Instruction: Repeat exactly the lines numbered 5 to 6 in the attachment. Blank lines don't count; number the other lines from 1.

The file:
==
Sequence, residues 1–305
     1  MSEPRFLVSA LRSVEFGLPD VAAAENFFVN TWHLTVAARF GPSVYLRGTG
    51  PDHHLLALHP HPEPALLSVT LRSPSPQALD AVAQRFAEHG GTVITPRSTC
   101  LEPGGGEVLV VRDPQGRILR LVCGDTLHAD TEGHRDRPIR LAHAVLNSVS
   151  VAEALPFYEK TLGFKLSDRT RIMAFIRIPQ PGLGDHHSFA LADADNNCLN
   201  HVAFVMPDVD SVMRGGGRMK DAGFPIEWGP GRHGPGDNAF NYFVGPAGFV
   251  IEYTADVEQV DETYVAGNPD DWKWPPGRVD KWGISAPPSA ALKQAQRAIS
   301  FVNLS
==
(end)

   151  VAEALPFYEK TLGFKLSDRT RIMAFIRIPQ PGLGDHHSFA LADADNNCLN
   201  HVAFVMPDVD SVMRGGGRMK DAGFPIEWGP GRHGPGDNAF NYFVGPAGFV